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Montreal, QC: Chez Gatse

Montreal is famous for too much food. Poutine, bagels, hot dogs, smoked meat sandwich… I can’t wait to try them all. But after hours of driving here, more time wasted figuring out the public transport, being very confused with every French word uttered, the lack of mobile data and the extreme heat of peak summer, we decided to find anything to eat for dinner. I have written down Chez Gatse only because it is Tibetan, and found out it isn’t hard to get to. We take the subway for one stop, and walk towards the rainbow prayer flags. This restaurant located in the basement of a three story town shop, which we have hoped is cooler being at the bottom, and it looks rather dingy.

Lantern with symbols.

That did not work out. Being in Montreal, heat is never the problem, so there is a lack of air conditioning in the entire city. The options are either to sit outside while the sun is still up, or inside where the lazy fan stir the air just a little bit – we choose to sit inside. Our server, also the owner and probably the chef, provide us with cold water and menu. Having never eaten at a Tibetan establishment, we have no idea what to order. Momos are obvious, but everything else written in part French part Tibetan aren’t very helpful. We stuck with things that have the Tibetan theme like Lhasa Chicken and Shapta. Rookie mistakes, always get momos steamed (I overheard the owner telling the next table), and I have not seen any mention of Lhasa Chicken on the internet. The owner disappear into the kitchen, and after some long time, come back with our food.

Chebureki – Grilled patty stuffed with lean ground beef.
Inside a Chebureki, chopped beef spilling out of its guts.

Chebureki is served first, being an “appetizer”. This looks like an oversized empanada or curry puff, but with ground beef pieces in it, a Tibetan version of a fold over greasy hamburger. Very delicious, and I could eat more of this. Then, all the others dishes are served – there is the fried momos, Lhasa chicken and beef shapta. Two different carbs options were offered, so we ordered both the tingmo and the shogo khatsa. This is starting to look like a feast, and a very interesting one at that. I guessed wrong, but the owner explained that Tibetan, Nepalese, Indian and Bhutanese cuisine are closely related, which explains the similarity to some Indian dishes.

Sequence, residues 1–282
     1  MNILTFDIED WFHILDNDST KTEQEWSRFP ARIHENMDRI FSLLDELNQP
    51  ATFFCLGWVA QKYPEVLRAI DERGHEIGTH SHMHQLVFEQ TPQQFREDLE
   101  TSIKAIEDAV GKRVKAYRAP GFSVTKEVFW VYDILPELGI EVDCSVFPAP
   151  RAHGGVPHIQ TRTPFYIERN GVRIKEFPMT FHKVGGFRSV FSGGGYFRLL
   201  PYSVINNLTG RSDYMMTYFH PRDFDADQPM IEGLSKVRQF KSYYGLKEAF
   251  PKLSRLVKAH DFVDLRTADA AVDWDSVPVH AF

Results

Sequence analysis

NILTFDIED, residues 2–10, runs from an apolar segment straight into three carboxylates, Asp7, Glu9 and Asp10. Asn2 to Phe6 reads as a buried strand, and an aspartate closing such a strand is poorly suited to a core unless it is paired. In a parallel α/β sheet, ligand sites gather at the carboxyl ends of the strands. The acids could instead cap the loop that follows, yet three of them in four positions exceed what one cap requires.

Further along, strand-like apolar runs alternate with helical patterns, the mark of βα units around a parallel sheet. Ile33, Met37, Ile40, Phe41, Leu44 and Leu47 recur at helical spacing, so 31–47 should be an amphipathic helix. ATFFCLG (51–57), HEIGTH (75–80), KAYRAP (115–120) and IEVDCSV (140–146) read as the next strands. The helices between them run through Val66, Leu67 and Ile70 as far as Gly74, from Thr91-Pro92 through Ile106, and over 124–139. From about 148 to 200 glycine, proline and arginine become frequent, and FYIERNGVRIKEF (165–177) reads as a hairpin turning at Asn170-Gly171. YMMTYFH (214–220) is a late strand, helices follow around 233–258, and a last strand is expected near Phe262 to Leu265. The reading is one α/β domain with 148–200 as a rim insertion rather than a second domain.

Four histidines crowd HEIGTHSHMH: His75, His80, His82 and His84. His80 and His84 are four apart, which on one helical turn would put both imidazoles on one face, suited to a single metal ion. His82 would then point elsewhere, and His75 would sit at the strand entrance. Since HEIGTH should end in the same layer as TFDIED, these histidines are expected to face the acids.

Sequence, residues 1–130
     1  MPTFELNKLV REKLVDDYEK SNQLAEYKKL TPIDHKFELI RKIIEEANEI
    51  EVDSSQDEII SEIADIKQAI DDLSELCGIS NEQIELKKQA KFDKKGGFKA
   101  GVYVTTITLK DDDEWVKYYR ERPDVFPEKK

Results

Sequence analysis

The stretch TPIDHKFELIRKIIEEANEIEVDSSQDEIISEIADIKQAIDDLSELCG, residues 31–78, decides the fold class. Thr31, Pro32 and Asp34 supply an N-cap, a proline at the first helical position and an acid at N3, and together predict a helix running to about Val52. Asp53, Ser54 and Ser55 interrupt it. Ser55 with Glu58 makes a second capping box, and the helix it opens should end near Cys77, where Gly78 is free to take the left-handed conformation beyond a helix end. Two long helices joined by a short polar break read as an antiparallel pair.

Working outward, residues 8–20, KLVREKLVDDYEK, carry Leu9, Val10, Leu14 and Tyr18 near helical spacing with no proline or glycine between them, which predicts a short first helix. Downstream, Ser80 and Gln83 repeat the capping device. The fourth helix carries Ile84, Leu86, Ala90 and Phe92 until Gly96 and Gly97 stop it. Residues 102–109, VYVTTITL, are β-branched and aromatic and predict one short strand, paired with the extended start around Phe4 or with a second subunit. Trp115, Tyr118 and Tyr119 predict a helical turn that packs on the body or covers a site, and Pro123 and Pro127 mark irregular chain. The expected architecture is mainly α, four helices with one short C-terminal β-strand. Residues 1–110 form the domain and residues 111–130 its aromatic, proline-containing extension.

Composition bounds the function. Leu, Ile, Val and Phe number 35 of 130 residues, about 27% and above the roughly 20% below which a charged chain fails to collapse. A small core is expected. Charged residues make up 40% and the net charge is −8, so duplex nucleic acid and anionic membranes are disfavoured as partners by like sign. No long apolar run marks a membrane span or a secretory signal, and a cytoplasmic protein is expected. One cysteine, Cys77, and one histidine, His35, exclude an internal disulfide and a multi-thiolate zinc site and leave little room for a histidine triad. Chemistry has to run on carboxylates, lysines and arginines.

Tingmo (Steamed Bread).
Fried beef momos

Shogo khatsa is spicy potatoes, reminded me of the ones in a curry puff, which is an awesome side dish that should be incorporated in any meal. Tingmo, or steamed bread, is probably the same as Chinese bun. For some reason, they roll it into a spiral shape. I don’t know how people eat them, and am curious to find that out. Alright, time to bust out the main events. The pan fried momos are served fresh so they are steaming hot, which is paradoxical with the lack of soup in them unlike a xiao lang bao. These are very tasty but the skins are very thick. The Lhasa Chicken is my least favorite dish, with weird and even a bit metallic sauce going on. The chicken itself is decent. I’m not sure which spices they used, but I would argue against ordering it. The beef shapta is similar to most stir fry dish, and in fact, I couldn’t tell what makes it different from a dish like beef with broccoli.

Lhasa Chicken – Skinless marinated chicken with interesting sauce.
Beef Shapta РTender strips of beef saut̩ed with fie herbs and spices.

We eat to not die of hunger. But why do we seek new cuisine? Scientifically and millennials ago, we did it to find food with more energy or nutrients. That no longer matter these days; instead, food also speaks to us in a deeper level. Cuisines were developed by groups of people through various reasons. History and traditions are written in food, so if the Orwellian government wants to erase written versions of it, other parts might survive that purge. Oppression in Tibet is well known and documented, thanks to the mass media who reminded us the atrocities governments, especially autocratic ones, could unleashed on its people. Most of us will never be able to go there, after the harsh crackdown and outright ban to outsiders, but we can learn something visiting these establishments. The owner is a first generation Canadian and a second generation Nepalese. His parents ran away from Tibet, and he will never get to visit his ancestral home. I don’t know if he wants to go back, but it would be nice if it were a choice. Some of my grandparents weren’t allowed back to their birthplace, so I understand the sadness being a diaspora. This is a weird intersection and deserve a longer discussion. A blessing in disguise, diaspora could be the only way traditions are kept. For example, Cuban food in Florida and Chinese folk culture in South East Asia. The first thing you see walking in here is a large portrait of the Dalai Lama, the spiritual and political leader of the Tibetan people. Copies of that picture still get followers into deep trouble in China, a propaganda method use to cleanse the past. Here, it is proudly hung over the front desk, to remind everyone else that the food we enjoy is of unfree people. The least we could do, is to not be like their oppressors by appreciating and accepting them for themselves.

Portrait of Dalai Lama.

Visited: July 4th, 2018 for dinner at 6pm.

Address: 317 Ontario St E, Montreal


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